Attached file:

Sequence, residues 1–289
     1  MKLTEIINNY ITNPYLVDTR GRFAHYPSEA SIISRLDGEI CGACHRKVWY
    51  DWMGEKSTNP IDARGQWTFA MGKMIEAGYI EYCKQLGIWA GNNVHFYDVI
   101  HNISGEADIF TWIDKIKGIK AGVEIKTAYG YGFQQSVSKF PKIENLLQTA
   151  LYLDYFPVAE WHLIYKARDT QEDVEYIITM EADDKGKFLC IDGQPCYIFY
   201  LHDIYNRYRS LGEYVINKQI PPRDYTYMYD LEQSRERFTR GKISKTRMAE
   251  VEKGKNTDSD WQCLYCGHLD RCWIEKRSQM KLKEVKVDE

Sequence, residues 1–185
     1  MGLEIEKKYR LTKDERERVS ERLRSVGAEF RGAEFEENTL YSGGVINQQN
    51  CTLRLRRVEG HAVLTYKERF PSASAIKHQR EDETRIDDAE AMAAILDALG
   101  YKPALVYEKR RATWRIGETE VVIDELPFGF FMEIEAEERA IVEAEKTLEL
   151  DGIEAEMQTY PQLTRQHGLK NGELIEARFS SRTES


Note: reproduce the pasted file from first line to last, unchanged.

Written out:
Sequence, residues 1–289
     1  MKLTEIINNY ITNPYLVDTR GRFAHYPSEA SIISRLDGEI CGACHRKVWY
    51  DWMGEKSTNP IDARGQWTFA MGKMIEAGYI EYCKQLGIWA GNNVHFYDVI
   101  HNISGEADIF TWIDKIKGIK AGVEIKTAYG YGFQQSVSKF PKIENLLQTA
   151  LYLDYFPVAE WHLIYKARDT QEDVEYIITM EADDKGKFLC IDGQPCYIFY
   201  LHDIYNRYRS LGEYVINKQI PPRDYTYMYD LEQSRERFTR GKISKTRMAE
   251  VEKGKNTDSD WQCLYCGHLD RCWIEKRSQM KLKEVKVDE

Sequence, residues 1–185
     1  MGLEIEKKYR LTKDERERVS ERLRSVGAEF RGAEFEENTL YSGGVINQQN
    51  CTLRLRRVEG HAVLTYKERF PSASAIKHQR EDETRIDDAE AMAAILDALG
   101  YKPALVYEKR RATWRIGETE VVIDELPFGF FMEIEAEERA IVEAEKTLEL
   151  DGIEAEMQTY PQLTRQHGLK NGELIEARFS SRTES